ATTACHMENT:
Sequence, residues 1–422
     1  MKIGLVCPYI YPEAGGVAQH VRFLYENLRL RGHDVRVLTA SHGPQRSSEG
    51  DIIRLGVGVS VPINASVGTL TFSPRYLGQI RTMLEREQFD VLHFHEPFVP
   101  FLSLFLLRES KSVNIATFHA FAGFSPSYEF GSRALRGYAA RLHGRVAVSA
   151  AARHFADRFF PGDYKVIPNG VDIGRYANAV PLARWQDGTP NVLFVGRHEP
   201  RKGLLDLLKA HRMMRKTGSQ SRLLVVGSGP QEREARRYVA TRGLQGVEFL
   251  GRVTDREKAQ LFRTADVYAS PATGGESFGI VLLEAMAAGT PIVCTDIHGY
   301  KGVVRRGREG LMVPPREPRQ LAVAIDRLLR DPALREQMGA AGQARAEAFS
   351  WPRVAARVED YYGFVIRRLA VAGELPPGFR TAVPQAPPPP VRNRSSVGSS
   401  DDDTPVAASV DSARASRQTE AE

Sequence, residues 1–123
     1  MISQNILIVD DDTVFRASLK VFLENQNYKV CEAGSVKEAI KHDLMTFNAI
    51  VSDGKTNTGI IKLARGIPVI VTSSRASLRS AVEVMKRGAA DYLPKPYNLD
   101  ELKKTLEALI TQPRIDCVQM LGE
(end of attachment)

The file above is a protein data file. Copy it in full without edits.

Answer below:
Sequence, residues 1–422
     1  MKIGLVCPYI YPEAGGVAQH VRFLYENLRL RGHDVRVLTA SHGPQRSSEG
    51  DIIRLGVGVS VPINASVGTL TFSPRYLGQI RTMLEREQFD VLHFHEPFVP
   101  FLSLFLLRES KSVNIATFHA FAGFSPSYEF GSRALRGYAA RLHGRVAVSA
   151  AARHFADRFF PGDYKVIPNG VDIGRYANAV PLARWQDGTP NVLFVGRHEP
   201  RKGLLDLLKA HRMMRKTGSQ SRLLVVGSGP QEREARRYVA TRGLQGVEFL
   251  GRVTDREKAQ LFRTADVYAS PATGGESFGI VLLEAMAAGT PIVCTDIHGY
   301  KGVVRRGREG LMVPPREPRQ LAVAIDRLLR DPALREQMGA AGQARAEAFS
   351  WPRVAARVED YYGFVIRRLA VAGELPPGFR TAVPQAPPPP VRNRSSVGSS
   401  DDDTPVAASV DSARASRQTE AE

Sequence, residues 1–123
     1  MISQNILIVD DDTVFRASLK VFLENQNYKV CEAGSVKEAI KHDLMTFNAI
    51  VSDGKTNTGI IKLARGIPVI VTSSRASLRS AVEVMKRGAA DYLPKPYNLD
   101  ELKKTLEALI TQPRIDCVQM LGE